I love his description of how artists examine other artists original work close-up to examine the detail in a way the non-artists don’t. I do think there’s a matter of how the picture is absorbed. I can take a painting in a magazine in a glance but I also have an accelerated eye and absorb a lot more information that way. With original art, you see a lot more than a reproduction can give and often such opportunities don’t always come up.

For those who work in oils, there are problems with reflections when taking photographs of the painting and he discusses how to get around that. As I paint in acrylic, I haven’t had to use varnish but I can see his problem.

When I started reading Glen Obik’s interview, I didn’t think I was going to have a lot to say and, looking above, ended up with a lot of discussion points. A lot of it isn’t actually disagreeing with him but understanding why some things happen that way.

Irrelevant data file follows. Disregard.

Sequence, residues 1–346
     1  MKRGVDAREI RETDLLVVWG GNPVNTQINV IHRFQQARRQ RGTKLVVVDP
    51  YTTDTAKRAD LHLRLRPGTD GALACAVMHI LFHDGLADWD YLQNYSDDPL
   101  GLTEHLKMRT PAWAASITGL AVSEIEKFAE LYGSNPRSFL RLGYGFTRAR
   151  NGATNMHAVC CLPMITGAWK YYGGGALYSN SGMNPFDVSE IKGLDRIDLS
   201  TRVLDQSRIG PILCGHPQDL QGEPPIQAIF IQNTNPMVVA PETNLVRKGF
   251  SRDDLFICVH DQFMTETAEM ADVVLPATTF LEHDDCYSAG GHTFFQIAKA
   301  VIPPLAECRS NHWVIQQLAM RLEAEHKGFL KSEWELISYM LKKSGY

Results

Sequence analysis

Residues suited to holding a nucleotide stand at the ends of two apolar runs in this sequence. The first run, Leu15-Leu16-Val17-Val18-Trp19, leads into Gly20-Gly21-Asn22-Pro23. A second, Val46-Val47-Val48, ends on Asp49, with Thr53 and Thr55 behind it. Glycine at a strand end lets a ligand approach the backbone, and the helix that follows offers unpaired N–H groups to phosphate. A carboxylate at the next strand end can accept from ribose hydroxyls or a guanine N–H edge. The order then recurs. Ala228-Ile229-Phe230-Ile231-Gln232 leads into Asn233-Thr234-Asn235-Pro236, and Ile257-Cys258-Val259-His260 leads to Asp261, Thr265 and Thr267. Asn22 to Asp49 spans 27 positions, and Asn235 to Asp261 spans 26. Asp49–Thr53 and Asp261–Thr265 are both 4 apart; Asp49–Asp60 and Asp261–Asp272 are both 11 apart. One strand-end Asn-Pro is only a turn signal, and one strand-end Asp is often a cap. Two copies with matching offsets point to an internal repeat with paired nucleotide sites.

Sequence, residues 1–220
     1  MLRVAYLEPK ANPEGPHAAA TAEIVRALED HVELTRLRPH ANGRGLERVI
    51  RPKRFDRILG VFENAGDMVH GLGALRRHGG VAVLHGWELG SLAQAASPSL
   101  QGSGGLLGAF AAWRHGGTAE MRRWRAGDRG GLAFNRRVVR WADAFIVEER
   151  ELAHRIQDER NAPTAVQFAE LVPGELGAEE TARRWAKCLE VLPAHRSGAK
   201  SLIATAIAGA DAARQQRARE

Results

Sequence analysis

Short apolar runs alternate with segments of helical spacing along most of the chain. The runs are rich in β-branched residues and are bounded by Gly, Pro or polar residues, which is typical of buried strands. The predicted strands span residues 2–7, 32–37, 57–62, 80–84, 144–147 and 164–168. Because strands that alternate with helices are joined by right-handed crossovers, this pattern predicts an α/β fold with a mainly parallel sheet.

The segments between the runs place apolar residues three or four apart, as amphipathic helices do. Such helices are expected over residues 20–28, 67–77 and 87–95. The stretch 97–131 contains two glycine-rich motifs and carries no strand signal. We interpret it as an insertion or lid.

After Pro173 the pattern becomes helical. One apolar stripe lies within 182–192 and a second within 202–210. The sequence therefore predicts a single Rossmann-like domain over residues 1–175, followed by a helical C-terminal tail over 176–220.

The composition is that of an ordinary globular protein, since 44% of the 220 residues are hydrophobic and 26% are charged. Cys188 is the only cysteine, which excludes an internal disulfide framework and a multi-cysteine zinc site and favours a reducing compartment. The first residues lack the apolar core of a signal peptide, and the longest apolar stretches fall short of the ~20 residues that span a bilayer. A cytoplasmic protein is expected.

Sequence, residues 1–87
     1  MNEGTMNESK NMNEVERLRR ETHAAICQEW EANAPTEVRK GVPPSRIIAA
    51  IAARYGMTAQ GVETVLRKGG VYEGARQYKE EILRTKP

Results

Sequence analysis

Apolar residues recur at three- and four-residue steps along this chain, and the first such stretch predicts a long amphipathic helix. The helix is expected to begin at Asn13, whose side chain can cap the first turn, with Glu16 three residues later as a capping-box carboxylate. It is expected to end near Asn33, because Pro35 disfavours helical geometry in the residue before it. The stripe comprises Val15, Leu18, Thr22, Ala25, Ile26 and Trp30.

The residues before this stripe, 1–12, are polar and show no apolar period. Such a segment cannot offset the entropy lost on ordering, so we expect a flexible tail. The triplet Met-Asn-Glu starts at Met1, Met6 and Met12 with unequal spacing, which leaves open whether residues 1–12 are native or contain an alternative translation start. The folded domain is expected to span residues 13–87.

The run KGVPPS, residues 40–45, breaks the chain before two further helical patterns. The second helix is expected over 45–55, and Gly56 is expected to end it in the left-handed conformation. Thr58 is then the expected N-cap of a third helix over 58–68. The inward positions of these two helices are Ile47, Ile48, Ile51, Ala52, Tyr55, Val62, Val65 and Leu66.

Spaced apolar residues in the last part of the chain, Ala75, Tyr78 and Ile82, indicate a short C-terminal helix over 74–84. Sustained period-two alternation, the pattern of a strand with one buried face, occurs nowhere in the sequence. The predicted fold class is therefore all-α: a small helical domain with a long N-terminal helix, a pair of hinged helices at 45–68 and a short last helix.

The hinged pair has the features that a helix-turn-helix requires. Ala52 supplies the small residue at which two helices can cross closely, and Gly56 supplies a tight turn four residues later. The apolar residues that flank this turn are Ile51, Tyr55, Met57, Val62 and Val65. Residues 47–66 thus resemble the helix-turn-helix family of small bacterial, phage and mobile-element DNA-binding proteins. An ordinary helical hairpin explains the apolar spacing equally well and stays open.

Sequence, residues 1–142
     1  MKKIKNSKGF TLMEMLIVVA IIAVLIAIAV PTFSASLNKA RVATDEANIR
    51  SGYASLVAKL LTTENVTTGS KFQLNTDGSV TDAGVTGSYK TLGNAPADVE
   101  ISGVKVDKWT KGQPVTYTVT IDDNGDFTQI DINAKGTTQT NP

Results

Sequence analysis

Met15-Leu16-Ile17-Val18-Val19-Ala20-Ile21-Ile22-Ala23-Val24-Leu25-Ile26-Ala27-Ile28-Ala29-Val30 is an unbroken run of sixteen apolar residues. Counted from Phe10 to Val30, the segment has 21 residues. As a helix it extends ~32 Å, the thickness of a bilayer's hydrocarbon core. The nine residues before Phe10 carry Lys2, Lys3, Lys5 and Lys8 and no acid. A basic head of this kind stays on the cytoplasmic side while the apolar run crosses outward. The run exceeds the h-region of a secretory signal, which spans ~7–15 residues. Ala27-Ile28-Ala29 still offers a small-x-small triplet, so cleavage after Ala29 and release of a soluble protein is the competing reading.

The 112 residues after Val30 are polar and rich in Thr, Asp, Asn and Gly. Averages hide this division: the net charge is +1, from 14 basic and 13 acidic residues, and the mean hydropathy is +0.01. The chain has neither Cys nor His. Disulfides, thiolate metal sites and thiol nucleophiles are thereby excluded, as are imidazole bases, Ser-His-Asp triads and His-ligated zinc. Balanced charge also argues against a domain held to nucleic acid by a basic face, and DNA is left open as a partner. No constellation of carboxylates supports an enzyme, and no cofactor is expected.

Obik’s workshop is a superb insight in how to compost a painting with a model and he’s to be commended for pointing out that the models themselves will offer different poses themselves so they both explore all the options. In other words, it’s not enough just to take a couple photographs and assume you have enough. I think I would also explore different lighting as this can also show different tonal levels in case something needs to be changed.

Mike Manley’s interview with artist Robert Valley on the likes of ‘Gorrillaz’ and ‘Beatles: Rock City’ also explores his use of pencil and digital and the problems of having no originals. I like his comparisons between laptops and desktops but similarly, I don’t tend to think there is enough emphasis on having more RAM for artistic use. It’s less about filling the RAM up and more about having the space to manipulate an image.